Re: [Mobopts] IESG 3932 review of draft-irtf-mobopts-mmcastv6-ps

"Thomas C. Schmidt" <> Mon, 19 October 2009 23:06 UTC

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Subject: Re: [Mobopts] IESG 3932 review of draft-irtf-mobopts-mmcastv6-ps
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Hi Jari,

many thanks again for your careful review - we are now back with 
addressing your points in detail (please see inline).
A new version of the document addresses the issues, and does not modify 
the recommendations.
The updated document is accessible at


Jari Arkko wrote:

>> obility management may issue
>>    traffic directives that lead to suboptimal routing, i.e., erroneous
>>    subscriptions following predictive handover operations, or slow
>>    effective leaves caused by MLD querying, or by departure of the MN
>>    from a previous network without leaving the subscribed groups.
> I had a hard time parsing this. Maybe say instead: "Mobility management 
> may impact routing by, e.g., erroneous ... or by MNs leaving networks 
> without unsubscribing form the groups they were receiving.". What's a 
> "slow effective leave"?

We replaced the first part as suggested.

2nd part changed to: "slow traffic termination at leaf nodes resulting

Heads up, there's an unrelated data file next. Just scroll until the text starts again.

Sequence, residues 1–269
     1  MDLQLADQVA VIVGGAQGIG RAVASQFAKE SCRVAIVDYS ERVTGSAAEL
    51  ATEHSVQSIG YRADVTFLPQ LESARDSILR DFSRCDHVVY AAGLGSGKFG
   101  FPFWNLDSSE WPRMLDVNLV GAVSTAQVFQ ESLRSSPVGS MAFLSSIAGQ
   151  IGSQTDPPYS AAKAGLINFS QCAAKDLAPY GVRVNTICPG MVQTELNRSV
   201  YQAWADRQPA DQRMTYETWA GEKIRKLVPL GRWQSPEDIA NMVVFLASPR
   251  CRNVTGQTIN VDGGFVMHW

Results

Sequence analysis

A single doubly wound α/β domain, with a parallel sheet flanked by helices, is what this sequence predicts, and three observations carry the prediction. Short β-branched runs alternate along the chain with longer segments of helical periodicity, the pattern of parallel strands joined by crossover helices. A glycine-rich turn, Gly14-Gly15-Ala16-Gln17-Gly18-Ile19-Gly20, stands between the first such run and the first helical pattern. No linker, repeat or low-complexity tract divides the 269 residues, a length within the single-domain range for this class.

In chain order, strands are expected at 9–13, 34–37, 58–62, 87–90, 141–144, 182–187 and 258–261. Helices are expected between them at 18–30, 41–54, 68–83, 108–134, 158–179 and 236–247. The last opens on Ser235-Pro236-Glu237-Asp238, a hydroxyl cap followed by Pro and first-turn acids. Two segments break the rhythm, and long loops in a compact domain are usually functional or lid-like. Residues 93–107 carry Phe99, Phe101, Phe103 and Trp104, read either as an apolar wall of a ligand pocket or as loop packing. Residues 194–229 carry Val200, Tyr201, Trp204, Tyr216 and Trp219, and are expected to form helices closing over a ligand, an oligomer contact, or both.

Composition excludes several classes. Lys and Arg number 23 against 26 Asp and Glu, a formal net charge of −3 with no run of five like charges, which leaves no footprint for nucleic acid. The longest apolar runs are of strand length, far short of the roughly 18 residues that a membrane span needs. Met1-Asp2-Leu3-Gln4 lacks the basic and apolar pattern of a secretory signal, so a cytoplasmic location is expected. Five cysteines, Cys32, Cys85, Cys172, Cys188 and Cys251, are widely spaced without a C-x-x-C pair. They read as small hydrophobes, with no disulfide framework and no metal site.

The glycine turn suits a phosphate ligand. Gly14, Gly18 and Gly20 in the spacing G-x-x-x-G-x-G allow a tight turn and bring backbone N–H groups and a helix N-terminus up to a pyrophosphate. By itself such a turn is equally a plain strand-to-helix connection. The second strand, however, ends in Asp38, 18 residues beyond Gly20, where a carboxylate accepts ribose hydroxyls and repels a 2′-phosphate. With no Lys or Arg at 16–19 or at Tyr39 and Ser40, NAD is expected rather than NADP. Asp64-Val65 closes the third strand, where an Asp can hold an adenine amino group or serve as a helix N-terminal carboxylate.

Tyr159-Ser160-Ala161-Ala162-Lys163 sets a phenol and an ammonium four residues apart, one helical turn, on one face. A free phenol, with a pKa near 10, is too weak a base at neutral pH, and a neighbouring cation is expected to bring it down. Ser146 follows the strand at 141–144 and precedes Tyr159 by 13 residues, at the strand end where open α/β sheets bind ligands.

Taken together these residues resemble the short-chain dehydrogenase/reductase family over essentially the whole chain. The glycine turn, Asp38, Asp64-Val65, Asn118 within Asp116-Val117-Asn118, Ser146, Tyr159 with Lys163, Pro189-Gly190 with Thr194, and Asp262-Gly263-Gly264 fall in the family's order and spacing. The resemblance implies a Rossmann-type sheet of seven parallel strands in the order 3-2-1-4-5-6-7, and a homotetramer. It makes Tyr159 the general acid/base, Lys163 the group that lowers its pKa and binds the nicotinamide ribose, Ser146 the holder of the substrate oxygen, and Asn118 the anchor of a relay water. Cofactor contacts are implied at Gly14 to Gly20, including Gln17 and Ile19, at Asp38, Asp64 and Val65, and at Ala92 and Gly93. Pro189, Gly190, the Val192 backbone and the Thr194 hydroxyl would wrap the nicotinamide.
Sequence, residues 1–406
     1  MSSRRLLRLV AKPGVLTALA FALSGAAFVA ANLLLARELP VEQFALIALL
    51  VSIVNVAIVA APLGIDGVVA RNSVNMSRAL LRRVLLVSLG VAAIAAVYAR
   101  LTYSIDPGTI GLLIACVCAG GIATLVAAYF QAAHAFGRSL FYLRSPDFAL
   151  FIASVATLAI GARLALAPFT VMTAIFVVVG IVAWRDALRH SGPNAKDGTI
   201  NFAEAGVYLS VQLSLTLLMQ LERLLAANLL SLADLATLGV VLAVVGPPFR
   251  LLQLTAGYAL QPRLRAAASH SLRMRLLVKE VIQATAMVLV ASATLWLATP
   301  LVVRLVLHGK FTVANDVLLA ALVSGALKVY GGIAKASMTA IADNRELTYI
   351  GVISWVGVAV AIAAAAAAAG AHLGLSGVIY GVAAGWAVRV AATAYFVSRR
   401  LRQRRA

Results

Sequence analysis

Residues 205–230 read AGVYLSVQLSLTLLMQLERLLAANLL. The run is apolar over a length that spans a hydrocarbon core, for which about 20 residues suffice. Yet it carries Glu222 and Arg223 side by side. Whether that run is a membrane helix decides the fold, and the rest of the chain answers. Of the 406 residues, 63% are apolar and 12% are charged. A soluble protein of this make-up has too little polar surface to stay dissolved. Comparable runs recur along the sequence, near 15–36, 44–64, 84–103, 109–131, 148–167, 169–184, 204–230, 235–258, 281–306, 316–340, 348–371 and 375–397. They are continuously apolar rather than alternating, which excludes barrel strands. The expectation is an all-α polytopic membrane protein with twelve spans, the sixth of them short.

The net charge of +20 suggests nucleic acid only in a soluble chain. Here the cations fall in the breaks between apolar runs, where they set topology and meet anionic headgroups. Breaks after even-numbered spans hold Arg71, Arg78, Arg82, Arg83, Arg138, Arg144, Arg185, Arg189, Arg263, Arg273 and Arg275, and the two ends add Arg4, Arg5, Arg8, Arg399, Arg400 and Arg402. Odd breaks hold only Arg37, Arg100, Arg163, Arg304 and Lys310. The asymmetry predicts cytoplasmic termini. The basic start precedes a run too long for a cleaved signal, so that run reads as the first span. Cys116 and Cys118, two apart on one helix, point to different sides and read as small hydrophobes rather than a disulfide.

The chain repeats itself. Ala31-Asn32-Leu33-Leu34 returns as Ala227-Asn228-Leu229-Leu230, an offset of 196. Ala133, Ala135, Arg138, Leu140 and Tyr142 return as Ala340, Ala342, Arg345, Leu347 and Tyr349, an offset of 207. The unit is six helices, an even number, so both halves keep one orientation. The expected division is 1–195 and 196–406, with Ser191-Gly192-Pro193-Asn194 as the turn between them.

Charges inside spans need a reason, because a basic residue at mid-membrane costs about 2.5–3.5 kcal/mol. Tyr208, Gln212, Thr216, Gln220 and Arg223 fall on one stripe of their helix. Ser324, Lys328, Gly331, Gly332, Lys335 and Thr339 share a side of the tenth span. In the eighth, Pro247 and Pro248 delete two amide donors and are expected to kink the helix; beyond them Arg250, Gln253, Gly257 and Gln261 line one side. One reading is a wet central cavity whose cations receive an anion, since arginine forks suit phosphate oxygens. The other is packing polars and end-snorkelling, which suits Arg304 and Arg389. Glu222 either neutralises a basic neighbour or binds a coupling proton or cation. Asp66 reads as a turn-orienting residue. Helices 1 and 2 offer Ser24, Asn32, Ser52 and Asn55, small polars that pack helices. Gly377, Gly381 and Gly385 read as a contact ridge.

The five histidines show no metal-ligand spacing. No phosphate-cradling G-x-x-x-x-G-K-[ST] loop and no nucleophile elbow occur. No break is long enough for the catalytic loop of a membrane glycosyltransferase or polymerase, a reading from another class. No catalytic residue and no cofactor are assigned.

from MLD query timeouts"
Hope this is clearer, now.

>> IP multicast deployment in general has been hesitant over the past 15
>>    years
> s/hesitant/slow/?

>> a strong business case for IP
>>    portables
> ... portable IP-based devices.

>> Current packet filtering practice causes inter-working problems 
>> between Mobile IPv6 nodes connected via GPRS [46 
>> <>].
> This is incorrect AFAIK. There are filtering procedures in IMS that 
> cause problems for Mobile IPv6 and other things. However, those 
> filtering mechanisms are not a part of the link layer nor are they 
> applied for regular Internet access. I would suggest this statement be 
> deleted from the draft, along with the reference.

D'accord: this isn't really important text. We removed as suggested.

>> PTM uses an
>>    unidirectional common channel, operating in unacknowledged without
>>    adjustment of power levels and no reporting on lost packets.
> ... unacknowledged mode?

Yes, of course: thanks!

>>  Mobility services transport for MIH naturally reside
>>    on the network layer and are currently in the process of
>>    specification [55 
>> <>].
> draft-ietf-mipshop-mstp-solution is an approved specification (though 
> not yet out of the RFC Ed queue).

O.K.: we changed to "have been specified" and refer to the draft ---
RFC-Ed can replace with this an RFC No when published.

> Also, I believe 802.21 specifies both network and link layer transport, 
> so its not clear why you say "naturally" above.